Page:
My dining companion commented to me Monday that Clayton’s downtown was quite nice, while we were eating sushi on Forsyth Avenue and looking out at the Pierre Laclede Center. Despite being a strong supporter of St. Louis and longing for its downtown to be reborn, I was forced to agree. Downtown Clayton is nice. Despite some city backers comparing it to something like the Antichrist, I don’t think that St. Louis or the region can view the suburban county seat as such hostile. Downtown Clayton is a success. It has millions of square feet worth of office space, dozens of great restaurants within a small area (though St. Louis City still produces more innovative cuisine), and real residential density. There’s also a safe, healthy pedestrian environment.
This made me think about what makes a central business district or downtown and its surrounding city so successful. Clayton is an example of a thriving, successful downtown that doesn’t need to be successful according to common sense logic. It is small and landlocked, for example. It is only a few blocks from downtown that is surrounded by low-density residential areas. Clayton has not expressed an interest in rezoning. Architecturally, the office buildings are not remarkable. On the south side of the city is Forest Park Parkway. This road, which I doubt anyone would consider the best in automobile circulation, creates an inadequacies traffic artery and wall. The Parkway connects to the outdated Interstate 170. This obsolescence is made worse by the reconstruction of all other interstates in this region. It is very slow at rush hour. Hanley connects to I-64/40, the same interstate 170 feeds into. Centene will build a skyscraper in Clayton instead of downtown St. Louis which is served only by four interstates.
Just like downtown St. Louis has a Master Plan, Clayton also has one. They are always capitalized. Urban planning is a fascinating field that dates back to human history. There are many versions of urban planning all over the globe. Teotihuacan in Mexico has a particular urban plan, as does Nara, Japan. Perhaps America’s cities are the most influenced by the rational Romans and ancient Greeks who loved their right angles. The Renaissance further reinforced the idea that rational thought could create successful cities. Palmanova, in the northeastern corner of modern Italy, is perhaps the most vivid example of these ideas in practice. However, I am a little concerned by some of the goals of urban planners today. Too often it seems to try to perform open-heart surgeries using tiny instruments from the board game Operation instead of building new successful cities.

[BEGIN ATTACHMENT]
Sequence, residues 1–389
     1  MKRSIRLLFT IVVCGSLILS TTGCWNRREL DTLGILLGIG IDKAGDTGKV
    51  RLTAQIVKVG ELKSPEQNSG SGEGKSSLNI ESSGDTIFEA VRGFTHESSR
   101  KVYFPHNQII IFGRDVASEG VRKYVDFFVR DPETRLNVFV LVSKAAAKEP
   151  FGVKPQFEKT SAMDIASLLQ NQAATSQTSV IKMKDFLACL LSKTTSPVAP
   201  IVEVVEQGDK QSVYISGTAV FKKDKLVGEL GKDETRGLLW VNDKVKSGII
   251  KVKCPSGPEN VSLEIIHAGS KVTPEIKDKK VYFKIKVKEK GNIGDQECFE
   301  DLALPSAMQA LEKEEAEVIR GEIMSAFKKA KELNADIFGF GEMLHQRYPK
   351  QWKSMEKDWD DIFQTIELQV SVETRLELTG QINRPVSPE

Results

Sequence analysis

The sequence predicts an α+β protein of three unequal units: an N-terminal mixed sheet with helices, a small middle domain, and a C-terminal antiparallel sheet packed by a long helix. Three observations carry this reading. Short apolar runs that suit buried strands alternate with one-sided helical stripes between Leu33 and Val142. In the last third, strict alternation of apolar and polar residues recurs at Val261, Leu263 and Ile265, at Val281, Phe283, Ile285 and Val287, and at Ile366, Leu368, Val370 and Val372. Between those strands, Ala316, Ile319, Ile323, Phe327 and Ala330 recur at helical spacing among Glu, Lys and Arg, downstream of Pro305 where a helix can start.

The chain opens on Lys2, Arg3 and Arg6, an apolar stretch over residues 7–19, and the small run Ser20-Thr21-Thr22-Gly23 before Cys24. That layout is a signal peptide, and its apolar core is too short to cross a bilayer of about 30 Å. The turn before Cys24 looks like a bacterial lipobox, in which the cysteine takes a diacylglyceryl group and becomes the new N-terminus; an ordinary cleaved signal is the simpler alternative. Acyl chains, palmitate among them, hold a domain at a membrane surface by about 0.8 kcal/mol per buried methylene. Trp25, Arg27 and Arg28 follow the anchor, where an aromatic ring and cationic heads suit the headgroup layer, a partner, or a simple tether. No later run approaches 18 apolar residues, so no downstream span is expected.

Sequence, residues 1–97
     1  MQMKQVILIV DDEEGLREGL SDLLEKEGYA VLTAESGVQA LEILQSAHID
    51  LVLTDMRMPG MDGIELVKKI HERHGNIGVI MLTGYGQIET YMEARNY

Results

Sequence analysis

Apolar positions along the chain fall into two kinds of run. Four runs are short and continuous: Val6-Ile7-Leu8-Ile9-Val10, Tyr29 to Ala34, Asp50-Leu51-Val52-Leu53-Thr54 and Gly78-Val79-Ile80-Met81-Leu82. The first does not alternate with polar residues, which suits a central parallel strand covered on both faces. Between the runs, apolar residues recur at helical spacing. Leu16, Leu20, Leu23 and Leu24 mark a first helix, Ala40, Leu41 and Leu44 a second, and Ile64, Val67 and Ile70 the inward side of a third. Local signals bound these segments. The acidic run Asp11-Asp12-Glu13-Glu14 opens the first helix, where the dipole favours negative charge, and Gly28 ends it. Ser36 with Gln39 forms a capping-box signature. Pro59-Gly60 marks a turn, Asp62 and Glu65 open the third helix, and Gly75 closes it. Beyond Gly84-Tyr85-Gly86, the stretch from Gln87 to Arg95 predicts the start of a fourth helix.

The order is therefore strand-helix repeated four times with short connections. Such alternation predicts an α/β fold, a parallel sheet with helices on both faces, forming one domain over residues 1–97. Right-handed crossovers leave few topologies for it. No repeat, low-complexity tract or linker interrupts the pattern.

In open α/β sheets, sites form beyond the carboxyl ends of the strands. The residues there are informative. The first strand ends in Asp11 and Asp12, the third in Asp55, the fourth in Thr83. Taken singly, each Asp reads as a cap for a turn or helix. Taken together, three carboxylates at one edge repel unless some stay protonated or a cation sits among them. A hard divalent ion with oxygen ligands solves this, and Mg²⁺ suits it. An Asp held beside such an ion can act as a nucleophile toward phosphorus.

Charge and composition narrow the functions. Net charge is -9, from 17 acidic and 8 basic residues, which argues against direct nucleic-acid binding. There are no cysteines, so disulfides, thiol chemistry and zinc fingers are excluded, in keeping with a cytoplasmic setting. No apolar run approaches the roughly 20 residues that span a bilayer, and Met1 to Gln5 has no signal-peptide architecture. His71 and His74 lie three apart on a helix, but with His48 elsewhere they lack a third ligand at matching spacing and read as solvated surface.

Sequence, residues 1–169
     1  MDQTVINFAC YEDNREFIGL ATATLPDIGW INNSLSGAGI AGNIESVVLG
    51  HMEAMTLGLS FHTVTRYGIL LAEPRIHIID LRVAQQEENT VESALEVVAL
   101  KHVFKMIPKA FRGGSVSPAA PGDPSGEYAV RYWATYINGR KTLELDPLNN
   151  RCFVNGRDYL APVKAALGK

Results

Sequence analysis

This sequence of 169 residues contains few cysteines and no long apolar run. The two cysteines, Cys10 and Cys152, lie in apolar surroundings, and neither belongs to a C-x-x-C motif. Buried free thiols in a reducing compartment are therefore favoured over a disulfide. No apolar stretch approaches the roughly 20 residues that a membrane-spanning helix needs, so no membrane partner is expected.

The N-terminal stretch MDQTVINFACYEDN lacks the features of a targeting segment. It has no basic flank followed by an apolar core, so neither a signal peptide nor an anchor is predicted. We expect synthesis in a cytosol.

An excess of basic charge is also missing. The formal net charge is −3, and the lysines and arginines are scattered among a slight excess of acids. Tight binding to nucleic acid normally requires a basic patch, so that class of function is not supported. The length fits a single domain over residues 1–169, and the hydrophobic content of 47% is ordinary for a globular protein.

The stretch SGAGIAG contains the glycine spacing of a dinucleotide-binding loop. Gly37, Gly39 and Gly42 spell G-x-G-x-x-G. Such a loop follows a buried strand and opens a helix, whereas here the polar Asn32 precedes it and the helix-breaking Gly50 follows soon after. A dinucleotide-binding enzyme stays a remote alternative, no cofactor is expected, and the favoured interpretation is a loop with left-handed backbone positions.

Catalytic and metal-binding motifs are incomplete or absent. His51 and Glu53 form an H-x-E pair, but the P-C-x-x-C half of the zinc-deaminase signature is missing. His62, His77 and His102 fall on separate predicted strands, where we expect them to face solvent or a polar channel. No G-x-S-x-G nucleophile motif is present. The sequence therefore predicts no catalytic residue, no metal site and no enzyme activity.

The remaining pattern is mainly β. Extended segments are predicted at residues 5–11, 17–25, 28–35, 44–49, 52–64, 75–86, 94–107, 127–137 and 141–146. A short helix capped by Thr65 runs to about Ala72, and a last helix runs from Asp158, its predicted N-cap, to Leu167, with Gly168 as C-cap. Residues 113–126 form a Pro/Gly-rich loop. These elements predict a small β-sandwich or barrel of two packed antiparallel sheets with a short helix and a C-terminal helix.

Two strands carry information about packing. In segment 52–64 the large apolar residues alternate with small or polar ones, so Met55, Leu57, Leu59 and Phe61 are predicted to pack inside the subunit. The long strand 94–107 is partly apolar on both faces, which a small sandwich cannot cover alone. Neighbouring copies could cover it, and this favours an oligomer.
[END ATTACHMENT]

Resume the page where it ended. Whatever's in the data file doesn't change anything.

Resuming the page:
Maybe that’s why I loved the Master Plan Clayton’s downtown. The Master Plan for Clayton’s downtown does not attempt to create an urban utopia from a barren environment. Instead, it aims to enhance what is already thriving economically. Clayton would be fine without any of the recommendations. They are quite progressive after reviewing the plan. Clayton would be fine without any of its recommendations. It calls for pedestrian safety and accessibility improvements, as well as making the area surrounding the office buildings more like downtown. Also, it aims to implement what we call “new urbanism”. Clayton can use the tax revenue from fully leased office buildings. This reminds me of a key lesson from the book Suburban Nation. If people don’t walk around the streets, no amount of park benches or ornamental plants will revive a downtown. Walking and driving through St. Louis, I am often struck by surreal streetscapes of abandoned stores tucked behind shiny new “old-timey”, lampposts, and concrete sidewalks. Please save the money for small-business loans.
As I look back on Western Civilization, Clayton and St. Louis are part of it, I find myself wondering how important the field of urban planning is. Even at its peak as the center of a huge empire, Rome had no urban plan and only a few major streets. The Roman Forum was a jumble of historic buildings and shrines, which were all chosen hundreds of years ago by hunter-gathers. Also, I think about Florence, which was admittedly founded by the Romans as a colony. It has a nice grid of streets in the center of the city. This shows how urban planning may have had little or no effect on the Italian Renaissance artists that made it such an iconic cultural hub. Were we to believe that Michelangelo was motivated to create David because he had straight, rectilinear streets in downtown Florence? Do you know that the traffic arterial system in St. Louis County was created by farmers in 1850?
Here’s why Clayton is doing so well. People who have power and influence will tell others Clayton is the place to locate their offices, buy a home, and eat out. Clayton has cache, despite its bizarre Parkway running right through it and the awkward 1970s office building architecture. It is unique in that it has a value you can’t put on a dollar. The cache of downtown St. Louis was there back in the Wainwright Building’s construction or when Union Station was still the busiest railway station in the world. We must stop spending money on Master Plans and studies if St. Louis is to succeed again. Let’s instead work to get our cache back. It is worth more than four interstates.